- Questions to Consider Before Buying a Business
- Factors to Consider When Buying a Business
- What to Do After Buying a Business
- Pros & Cons of Buying a Business
Are you dreaming of being your own boss? Starting a business is the best way to do so. However, it is not always easy to break even, and within a few years of a rocky start, the same people decide that selling a business is better than risking going bankrupt. Then the cycle goes on.
Questions to Consider Before Buying a Business
Upon deciding to buy a business, it is important to know the reasons for buying. There are a lot of decisions to be made, and do not think this decision should be made on a whim.
Ask yourself why you want to buy a business in the first place. Is it because it is cheaper, or do you want to save a dying business from ruins? Do you think you are ready to become your own boss? Knowing why will ensure that you are acquiring a business for the right reasons.
If you think you are ready to own a business because you have good business sense and leadership skills, you may be well on your way to starting a business. The attributes a good entrepreneur should have include the following
You are a Risk Taker
There are a lot of risks in having a business, and successful entrepreneurs tend to be fearless leaders & should be ready to take calculated risks.
You are Tenacious
Having the drive to run a business is no longer enough — you should also have what it takes to stick with your decisions to see your business through.
You are Confident
Breaking out of your financial shell and attempting to persist in the difficult world of business will require you to have the confidence to see your vision through.
You are Adaptable
The economy is a fickle thing, and it requires a person to be adaptable to navigate the changes that it brings as the business ebbs and flows with the tide.
You are Curious
Businessmen should be curious, because this curiosity has led many in finding ways to solve their problems and find strategies to keep their business thriving in unstable economies.
You are Restless
There is a lot of work to be done in running your own business, so you should have a lot of energy to devote to your new acquisition to help it grow.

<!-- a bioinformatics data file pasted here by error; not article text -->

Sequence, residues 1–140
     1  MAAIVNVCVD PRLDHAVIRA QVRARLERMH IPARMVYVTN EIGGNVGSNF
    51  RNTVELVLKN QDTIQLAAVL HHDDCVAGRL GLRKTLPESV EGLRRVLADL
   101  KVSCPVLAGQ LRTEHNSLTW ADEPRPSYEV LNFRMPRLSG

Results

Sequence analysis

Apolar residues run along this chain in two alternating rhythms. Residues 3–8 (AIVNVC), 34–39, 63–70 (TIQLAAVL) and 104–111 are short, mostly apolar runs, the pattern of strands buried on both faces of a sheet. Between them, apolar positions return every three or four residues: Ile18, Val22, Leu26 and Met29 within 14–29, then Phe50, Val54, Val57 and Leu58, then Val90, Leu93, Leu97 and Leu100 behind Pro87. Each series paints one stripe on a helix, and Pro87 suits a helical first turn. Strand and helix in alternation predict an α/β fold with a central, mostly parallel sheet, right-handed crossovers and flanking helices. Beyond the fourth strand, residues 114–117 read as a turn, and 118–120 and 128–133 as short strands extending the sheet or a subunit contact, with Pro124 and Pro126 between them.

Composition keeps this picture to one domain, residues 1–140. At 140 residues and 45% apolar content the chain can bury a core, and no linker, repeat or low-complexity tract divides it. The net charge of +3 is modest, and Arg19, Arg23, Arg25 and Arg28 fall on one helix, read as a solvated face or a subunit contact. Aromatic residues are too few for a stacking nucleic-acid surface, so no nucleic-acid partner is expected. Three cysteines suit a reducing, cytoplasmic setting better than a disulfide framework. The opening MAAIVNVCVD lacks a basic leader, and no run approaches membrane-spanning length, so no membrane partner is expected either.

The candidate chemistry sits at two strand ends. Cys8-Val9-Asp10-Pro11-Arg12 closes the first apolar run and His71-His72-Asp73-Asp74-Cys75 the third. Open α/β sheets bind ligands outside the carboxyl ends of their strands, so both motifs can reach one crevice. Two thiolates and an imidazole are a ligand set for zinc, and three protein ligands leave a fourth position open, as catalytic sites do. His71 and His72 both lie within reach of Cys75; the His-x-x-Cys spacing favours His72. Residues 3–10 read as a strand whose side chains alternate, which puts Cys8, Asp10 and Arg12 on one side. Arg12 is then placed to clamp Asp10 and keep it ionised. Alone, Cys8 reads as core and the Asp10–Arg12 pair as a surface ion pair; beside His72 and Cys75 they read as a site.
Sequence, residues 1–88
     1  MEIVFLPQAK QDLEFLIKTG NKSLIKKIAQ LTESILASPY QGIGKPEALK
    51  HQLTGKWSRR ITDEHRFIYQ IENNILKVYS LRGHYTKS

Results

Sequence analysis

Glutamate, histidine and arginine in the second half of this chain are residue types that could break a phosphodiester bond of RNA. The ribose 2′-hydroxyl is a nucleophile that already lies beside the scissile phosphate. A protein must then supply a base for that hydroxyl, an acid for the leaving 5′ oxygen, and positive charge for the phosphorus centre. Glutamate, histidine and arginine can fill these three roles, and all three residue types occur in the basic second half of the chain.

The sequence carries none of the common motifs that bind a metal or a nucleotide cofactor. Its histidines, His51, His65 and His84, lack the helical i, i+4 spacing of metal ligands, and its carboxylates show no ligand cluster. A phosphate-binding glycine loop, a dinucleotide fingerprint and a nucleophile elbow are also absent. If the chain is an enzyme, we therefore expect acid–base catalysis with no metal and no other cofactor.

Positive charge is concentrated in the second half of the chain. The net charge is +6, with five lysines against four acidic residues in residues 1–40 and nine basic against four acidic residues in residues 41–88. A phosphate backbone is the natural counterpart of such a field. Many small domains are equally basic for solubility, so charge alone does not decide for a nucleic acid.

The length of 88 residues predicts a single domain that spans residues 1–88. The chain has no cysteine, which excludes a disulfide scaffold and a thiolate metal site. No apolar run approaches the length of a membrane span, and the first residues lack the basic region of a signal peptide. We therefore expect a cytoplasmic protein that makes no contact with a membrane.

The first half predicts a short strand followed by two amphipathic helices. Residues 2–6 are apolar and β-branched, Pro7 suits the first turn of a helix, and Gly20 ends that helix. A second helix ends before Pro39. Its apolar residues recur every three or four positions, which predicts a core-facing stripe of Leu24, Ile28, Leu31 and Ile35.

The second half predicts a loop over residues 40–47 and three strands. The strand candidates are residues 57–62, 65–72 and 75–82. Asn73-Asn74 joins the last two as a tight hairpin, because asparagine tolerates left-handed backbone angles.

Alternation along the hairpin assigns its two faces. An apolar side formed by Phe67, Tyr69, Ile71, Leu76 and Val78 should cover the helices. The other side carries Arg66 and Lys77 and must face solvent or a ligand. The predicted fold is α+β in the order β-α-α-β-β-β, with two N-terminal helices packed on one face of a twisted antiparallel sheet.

You are Focused
Focus in business shows that you are able to juggle tasks, but a good entrepreneur will know how to strategize and see the bigger picture with ease.
You are Rebellious
There are a lot of risks to break out in business, especially when this means stepping outside the safety and security of a corporate job; however, businessmen are known to break the mold – and your rebellious streak may have resulted you in doing so.
You are Competitive
Businessmen are successful because they have intense drive and motivations to outdo everyone else – most entrepreneurs simply won’t stop until they are on top.
You are a Builder
Businessmen are known to build success – it does not need to be physical but a good entrepreneur can make something out of nothing, making them a special brood.
Once you’re sure why you want to acquire a business, think of what it is that you are buying. Think about which kinds of businesses you are interested in, or find one that is in an industry in which you have familiarity or understanding.
How will you know if you are buying the right business? Some considerations include the following:
Does the Acquisition Extend to your Brand?
Business is not like a game of monopoly where you buy what you can afford: your passion and understanding of the brand will definitely make it easier for you to run a business. Do you know the current market conditions? Find out about the competitors in the industry and check if the market conditions are favorable for both short and long terms.
Do Numbers Match Up?
Upon taking a closer look at the existing books, do the numbers match up with what you see in the business at face value? If a seller does not let you take a look at the audits, it may not be a good idea to buy the business.
Do they have Legal Issues?